Since 1980, FMEP has supported the work of Israeli, Palestinian, and American civil society organizations striving to achieve peace, defending human rights and the rule of law, and challenging settlements and other Israeli policies that violate international law and undermine any chance for peace. In 2020, FMEP is proud to support the work of 40 such groups doing vitally important, courageous work. This month, we are shining FMEP’s spotlight on the work of one of these organizations — 7amleh (pronounced “hamleh”), a Palestinian digital rights champion, ahead of its upcoming Palestinian Digital Activism Forum. We encourage you to read about 7amleh’s activities and listen to our podcast with a 7amleh team member, and share them with others who might be interested. And if you are as impressed and inspired by 7amleh, you can use the link at the bottom of the page to donate directly to its work.
7amleh is a Palestinian-led non-profit organization that is focused on protecting the human rights of Palestinians in the online space, including the right to access the internet, right to privacy, and freedom of expression. Through research, advocacy and trainings, 7amleh challenges the policies and practices that criminalize, chill, and limit the ability of Palestinians to take full advantage of the internet, in activities such as online commerce, posting on social media, or organizing for their collective rights. 7amleh works to expose and oppose censorship, digital surveillance, biased content policing, predictive policing, and the failure of governments and tech companies to intervene against online Israeli incitement against Palestinians.
7amleh has taken on policies of the Israeli and Palestinian Authority governments, as well as tech giants like on Facebook, PayPal, and Google, all of which are interefering – in coordination and separately – with the digital rights of Palestinians on social media platforms. Connecting the digital occupation confronting Palestinians to broader global trends and conversations around digital rights, 7amleh has partnered with premiere digital rights groups like Access Now to build intersectional, working relationships to bring more attention and learning to the Palestinian issue.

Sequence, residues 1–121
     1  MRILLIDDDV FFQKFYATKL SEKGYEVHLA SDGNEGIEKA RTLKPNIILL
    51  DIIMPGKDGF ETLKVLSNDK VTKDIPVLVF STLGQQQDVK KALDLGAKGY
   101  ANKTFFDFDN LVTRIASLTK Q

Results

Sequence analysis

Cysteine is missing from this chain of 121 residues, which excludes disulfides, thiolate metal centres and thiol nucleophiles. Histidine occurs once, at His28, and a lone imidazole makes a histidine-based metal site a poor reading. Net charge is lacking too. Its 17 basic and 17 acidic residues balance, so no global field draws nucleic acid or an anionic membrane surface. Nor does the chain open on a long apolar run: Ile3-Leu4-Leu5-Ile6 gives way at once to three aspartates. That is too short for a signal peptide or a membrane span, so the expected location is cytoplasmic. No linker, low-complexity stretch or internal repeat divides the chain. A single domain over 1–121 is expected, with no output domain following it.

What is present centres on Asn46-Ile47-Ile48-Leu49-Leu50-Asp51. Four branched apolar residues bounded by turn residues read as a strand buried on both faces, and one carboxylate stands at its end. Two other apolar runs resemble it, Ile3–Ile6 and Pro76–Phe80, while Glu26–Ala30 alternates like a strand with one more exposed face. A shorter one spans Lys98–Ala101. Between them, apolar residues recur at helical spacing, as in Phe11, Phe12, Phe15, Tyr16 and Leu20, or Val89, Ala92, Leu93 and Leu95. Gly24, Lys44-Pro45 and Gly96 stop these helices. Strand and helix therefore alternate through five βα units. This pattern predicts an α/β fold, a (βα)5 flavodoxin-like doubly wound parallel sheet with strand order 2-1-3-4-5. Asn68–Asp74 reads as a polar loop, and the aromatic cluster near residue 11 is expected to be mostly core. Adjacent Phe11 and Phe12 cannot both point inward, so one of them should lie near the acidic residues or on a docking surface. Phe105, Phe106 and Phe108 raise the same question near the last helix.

7amleh also works within Palestinian civil society to educate and equip new digital rights champions on how they can challenge the overlapping powers which are abusing technology to silence, surveil, and criminalize Palestinian activism. In addition to seminars and training, 7amleh convenes an annual Digital Rights Forum to educate new digital activists on their rights and provide ongoing training.
7amleh’s 2020 forum is scheduled for March 23-27 in ten locations throughout Palestine/Israel – learn more about that forum here.
In addition, 7amleh produces incisive research on the digital realities in Israel Palestine. A sample of their most impactful publications include:
“Access Denied: E-Commerce in Palestine” (February 2020). This brand-new report investigates how occupation, the failure to fulfill the Oslo Accords, and digital discrimination from international tech companies have stunted the development of the Palestinian economy and created challenges for Palestinian buyers, sellers, and workers online.
In this survey and accompanying analysis, 7amleh shows that two-thirds of Palestinian youth are fearful of expressing their opinion online and in fact self-censor. The survey results provide important data on the chilling effect policies enforced against Palestinians by the social media companies like Facebook, YouTube and Twitter, as well as the Israeli government and the Palestinian Authority.
In this report, 7amleh shows how Google Maps’ mapping process is a reflection of Israeli government interests and systematically ignores the existence of Palestinian communities in its presentation of political boundaries and geography of the West Bank.
7amleh in the News
- “The world’s oddest AirBnB says so much about a divided Jerusalem” (Wired)
- “Social media giants feel the heat at Palestinian digital conference” (+972 Magazine)